General information is the part that mentions the general information of the theme of writing. While Bundles of specific information, is the elaboration of general information.

I'm personally more inclined to agree with both generic structure, because it can make students more aware of the way to write text report.

Destination Report Text

Each article must have a purpose why the article was written. So is the report text. Some experts say that the purpose of the report is the text:

Its social purpose is presenting information about something. They generally describe an entire class of things, Whether natural or made: Mammals, the planets, rocks, plants, countries of region, culture, transportation, and so on.

If concluded, the purpose of the report is to convey information text observations and systematic analysis. The information described in the report text is usually general in nature, be it natural or buata like mammals, planets, rocks, plants, state, cultural, transportation, and so forth.

Grammar Patterns in Report Text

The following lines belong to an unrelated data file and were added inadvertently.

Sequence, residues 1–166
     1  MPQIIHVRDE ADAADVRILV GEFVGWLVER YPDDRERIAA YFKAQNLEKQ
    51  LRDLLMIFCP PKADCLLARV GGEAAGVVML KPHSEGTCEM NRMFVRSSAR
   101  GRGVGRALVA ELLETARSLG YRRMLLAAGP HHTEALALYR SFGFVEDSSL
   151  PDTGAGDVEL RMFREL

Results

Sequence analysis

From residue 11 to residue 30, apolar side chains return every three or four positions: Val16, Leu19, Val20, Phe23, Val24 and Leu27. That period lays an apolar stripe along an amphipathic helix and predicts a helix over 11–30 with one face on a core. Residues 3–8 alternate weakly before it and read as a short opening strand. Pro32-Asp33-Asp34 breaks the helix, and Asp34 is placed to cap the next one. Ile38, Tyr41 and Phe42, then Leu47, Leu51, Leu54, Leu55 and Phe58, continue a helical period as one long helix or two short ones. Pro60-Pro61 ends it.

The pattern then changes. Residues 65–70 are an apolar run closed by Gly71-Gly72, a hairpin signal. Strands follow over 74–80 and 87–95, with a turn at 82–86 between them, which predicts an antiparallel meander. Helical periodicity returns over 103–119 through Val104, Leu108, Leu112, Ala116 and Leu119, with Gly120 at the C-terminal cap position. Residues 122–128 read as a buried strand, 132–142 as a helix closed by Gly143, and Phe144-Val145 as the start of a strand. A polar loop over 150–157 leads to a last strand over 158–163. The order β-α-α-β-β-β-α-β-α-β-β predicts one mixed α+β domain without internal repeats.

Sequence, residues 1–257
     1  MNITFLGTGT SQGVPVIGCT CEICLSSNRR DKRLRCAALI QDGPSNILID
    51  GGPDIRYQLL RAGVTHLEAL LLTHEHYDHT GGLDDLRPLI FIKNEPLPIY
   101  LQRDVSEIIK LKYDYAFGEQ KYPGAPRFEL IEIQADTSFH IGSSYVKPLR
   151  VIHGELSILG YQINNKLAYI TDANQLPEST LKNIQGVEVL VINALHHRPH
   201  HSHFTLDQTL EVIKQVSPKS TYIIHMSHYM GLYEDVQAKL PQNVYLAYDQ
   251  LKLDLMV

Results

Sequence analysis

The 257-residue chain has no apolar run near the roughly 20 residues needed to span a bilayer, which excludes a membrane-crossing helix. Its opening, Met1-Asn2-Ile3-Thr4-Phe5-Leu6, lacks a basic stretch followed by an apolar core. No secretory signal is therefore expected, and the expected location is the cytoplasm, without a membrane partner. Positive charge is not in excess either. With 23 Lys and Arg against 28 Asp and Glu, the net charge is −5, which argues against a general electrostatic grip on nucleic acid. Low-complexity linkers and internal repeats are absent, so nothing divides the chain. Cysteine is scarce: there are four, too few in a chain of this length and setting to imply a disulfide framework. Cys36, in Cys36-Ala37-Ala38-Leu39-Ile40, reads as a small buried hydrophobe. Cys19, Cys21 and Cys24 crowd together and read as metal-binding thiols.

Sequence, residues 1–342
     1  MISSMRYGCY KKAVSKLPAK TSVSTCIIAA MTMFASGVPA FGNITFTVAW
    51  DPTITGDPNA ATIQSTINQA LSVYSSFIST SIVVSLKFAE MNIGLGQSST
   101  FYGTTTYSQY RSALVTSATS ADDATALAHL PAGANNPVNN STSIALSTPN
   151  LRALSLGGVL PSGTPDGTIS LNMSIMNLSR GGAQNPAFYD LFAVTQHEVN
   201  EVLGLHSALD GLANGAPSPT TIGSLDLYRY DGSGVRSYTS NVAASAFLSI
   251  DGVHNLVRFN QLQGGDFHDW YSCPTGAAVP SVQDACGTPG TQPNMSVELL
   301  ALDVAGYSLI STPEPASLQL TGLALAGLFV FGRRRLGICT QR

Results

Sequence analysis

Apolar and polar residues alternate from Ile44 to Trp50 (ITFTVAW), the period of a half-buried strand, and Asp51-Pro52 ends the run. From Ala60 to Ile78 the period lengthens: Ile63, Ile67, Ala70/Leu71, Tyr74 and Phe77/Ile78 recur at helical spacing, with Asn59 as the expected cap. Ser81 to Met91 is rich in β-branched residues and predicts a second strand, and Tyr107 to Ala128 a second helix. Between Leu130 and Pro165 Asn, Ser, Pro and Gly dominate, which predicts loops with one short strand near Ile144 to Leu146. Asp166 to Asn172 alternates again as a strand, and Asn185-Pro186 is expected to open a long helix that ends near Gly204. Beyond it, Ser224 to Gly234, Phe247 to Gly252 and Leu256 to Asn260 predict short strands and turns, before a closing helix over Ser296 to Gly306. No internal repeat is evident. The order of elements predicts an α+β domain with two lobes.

Each article must have its own characteristic language, if recount text and narrative text tend to have traits using simple past, then how to report text? Okay here's a common grammar patterns used in the text report, which includes:
Use of general nouns, eg hunting dogs, rather than particular nouns, eg our dog;
Use of Relating verbs to describe features, eg Molecules are tiny particles;
Some use of action verbs when describing behavior, eg Emus can not fly;
Use of timeless present tense to indicate usualness, eg Tropical cyclones always begin over the sea;
Use of technical terms, eg Isobars are lines drawn on a weather map;
Use of paragraphs with topic sentences to organisé bundles of information; repeated naming of the topic as the beginning focus of the clause.